The Canadian Press - ONLINE EDITION
Nelsen willing to help New Zealand if needed, but says team has plenty of quality
TORONTO - Toronto FC manager Ryan Nelsen says he has not got a call from New Zealand football about helping his homeland's World Cup playoff push.
A story this week on Fairfax Media's website stuff.co.nz carried the headline: "Time for All Whites to send Ryan Nelsen SOS?"
"It is a longshot, given team politics and Toronto's own struggles, but (manager Ricki) Herbert and NZF should swallow their pride and send Nelsen an SOS," wrote Sam Worthington.
Nelsen, presumably, would help off the field.
The Toronto FC coach said he was unaware of the article.
"But I'm always there to help New Zealand if I can. Always help anybody," the former All Whites captain said Thursday. "But I know the coach really well. I know all the players really well. So they just need to pick up the phone if they ever need help.
"Not that they need it. They're a very good team. The players are good, the coach is good."
New Zealand, ranked 67th in the world, is slated to meet the fourth-best team from the final round of CONCACAF qualifying in a home-and-away playoff to see who advances to the 2014 World Cup in Brazil.
The New Zealanders seem destined to meet either No. 21 Mexico or No. 35 Panama in November.
Before that, New Zealand will hold a week-long training camp before facing No. 85 Trinidad and Tobago on Oct. 15 in a friendly.
The All Whites will play Mexico's Queretaro and Major League Soccer's Chivas during the camp in Los Angeles.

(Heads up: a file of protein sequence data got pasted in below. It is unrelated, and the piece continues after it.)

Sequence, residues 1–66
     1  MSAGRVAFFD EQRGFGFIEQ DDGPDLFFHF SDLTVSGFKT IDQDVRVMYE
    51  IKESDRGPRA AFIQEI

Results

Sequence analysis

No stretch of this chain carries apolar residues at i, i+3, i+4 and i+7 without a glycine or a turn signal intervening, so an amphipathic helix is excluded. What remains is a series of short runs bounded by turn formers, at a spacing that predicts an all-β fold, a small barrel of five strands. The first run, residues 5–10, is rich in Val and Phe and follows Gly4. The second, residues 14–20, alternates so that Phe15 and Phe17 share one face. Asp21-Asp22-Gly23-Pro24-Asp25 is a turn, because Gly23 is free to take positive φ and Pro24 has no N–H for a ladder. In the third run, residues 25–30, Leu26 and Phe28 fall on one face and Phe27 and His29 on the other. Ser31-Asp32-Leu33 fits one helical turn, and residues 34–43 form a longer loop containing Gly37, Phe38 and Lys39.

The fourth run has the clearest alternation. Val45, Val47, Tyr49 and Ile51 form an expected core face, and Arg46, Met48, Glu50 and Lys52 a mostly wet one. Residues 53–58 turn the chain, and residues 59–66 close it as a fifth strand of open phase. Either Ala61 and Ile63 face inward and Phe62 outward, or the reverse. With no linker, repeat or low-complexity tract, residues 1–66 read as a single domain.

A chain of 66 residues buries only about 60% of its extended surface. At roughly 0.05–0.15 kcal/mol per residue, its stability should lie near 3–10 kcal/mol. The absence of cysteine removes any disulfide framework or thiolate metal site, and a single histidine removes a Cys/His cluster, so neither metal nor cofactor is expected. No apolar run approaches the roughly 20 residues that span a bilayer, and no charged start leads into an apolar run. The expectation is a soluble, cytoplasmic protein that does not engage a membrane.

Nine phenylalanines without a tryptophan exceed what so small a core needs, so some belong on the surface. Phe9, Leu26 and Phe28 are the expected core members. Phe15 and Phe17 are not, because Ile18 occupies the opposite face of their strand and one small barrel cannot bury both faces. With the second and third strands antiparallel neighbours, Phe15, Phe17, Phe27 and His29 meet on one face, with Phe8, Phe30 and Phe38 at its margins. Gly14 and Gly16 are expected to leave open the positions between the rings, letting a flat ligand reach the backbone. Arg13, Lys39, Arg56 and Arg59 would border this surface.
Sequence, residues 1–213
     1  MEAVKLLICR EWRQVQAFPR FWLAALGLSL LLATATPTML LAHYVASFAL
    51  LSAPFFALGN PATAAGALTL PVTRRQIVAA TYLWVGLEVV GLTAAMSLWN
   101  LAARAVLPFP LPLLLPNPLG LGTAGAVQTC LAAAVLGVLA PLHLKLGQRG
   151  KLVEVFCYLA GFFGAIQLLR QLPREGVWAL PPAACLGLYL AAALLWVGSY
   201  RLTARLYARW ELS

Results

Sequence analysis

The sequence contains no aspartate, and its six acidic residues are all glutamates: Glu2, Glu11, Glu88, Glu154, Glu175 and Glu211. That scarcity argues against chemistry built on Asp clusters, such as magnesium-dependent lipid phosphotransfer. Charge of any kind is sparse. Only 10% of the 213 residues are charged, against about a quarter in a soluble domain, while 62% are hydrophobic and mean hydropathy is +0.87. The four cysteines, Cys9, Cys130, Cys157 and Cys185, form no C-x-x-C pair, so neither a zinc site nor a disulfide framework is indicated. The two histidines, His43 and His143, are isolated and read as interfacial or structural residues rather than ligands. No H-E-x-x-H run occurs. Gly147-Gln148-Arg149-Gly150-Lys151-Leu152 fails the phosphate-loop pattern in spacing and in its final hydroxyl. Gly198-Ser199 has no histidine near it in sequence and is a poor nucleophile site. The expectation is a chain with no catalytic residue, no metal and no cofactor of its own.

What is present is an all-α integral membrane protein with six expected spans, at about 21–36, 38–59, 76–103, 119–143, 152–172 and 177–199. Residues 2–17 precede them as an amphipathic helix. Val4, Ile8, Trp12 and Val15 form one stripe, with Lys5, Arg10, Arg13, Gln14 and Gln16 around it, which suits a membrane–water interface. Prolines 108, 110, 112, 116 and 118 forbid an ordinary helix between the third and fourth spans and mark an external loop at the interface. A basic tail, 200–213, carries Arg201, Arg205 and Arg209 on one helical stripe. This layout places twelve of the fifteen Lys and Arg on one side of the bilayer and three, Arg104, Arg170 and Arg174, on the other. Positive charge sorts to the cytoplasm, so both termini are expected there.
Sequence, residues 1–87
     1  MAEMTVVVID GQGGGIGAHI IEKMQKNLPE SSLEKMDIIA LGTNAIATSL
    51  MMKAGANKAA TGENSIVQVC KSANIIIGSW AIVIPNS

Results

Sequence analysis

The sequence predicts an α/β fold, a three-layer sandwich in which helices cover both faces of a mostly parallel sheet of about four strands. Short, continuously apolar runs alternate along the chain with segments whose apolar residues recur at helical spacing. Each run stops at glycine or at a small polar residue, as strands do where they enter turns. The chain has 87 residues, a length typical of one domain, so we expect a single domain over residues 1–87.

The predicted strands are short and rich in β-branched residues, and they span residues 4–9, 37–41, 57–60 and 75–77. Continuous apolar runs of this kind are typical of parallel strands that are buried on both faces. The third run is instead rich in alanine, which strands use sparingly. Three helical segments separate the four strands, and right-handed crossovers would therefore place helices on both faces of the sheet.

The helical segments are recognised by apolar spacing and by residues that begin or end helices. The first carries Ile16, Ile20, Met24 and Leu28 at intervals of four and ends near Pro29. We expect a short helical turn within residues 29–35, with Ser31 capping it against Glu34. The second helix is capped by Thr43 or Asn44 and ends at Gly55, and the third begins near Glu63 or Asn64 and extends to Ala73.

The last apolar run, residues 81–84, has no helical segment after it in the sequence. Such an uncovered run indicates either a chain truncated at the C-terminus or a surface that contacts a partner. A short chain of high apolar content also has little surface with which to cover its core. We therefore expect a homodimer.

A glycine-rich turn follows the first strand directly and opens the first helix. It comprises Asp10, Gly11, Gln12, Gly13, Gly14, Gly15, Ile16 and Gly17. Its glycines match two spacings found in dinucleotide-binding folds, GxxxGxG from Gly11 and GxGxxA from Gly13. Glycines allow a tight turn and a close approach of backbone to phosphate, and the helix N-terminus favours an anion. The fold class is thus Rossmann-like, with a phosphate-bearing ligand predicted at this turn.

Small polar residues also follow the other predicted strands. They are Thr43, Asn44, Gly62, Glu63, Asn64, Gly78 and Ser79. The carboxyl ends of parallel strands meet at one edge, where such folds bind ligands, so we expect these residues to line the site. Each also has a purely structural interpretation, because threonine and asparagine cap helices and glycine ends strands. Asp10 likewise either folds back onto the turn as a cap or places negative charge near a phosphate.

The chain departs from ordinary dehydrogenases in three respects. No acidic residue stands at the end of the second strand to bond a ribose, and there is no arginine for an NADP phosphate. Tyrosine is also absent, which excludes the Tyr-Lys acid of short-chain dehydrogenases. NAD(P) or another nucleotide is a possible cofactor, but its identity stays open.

The home leg of the intercontinental playoff is set for Nov. 20 in Wellington. The series will open in the CONCACAF country on Nov. 13 or 14.
Nelsen knows all about the playoff, having helped the All Whites beat Bahrain to get to the 2010 World Cup in South Africa.
"It was a really hard game," he said, recalling the 35-degree heat and 100-per-cent humidity in Manama's National Stadium.
In 2009, New Zealand tied Bahrain 0-0 on the road and then won 1-0 at Wellington's Westpac Stadium.
Nelsen believes playing the return leg at home again is an advantage for New Zealand.
"Come November, it will be raining, windy and horrible," said Nelsen.
New Zealand wrapped up its Oceania campaign last month, finishing atop the standings with a 6-0-0 record against No. 95 New Caledonia, No. 146 Tahiti and No. 169 Solomon Islands.
In contrast, its CONCACAF opposition will be coming of a 10-game series against the likes of the U.S., Costa Rica, Honduras and Jamaica.
Just assembling the New Zealand team is difficult, Nelsen said, given they are spread around the globe.
"The one advantage we have is New Zealanders travel well," he said. "It doesn't affect us — time zones and big long flights."
That's because New Zealand athletes are used to long journeys.
"But when they (opposing teams) have to come to the bottom of the earth, it affects those people," he added.
(1 of 50 articles for this week)12/4/2013 5:38 PM 0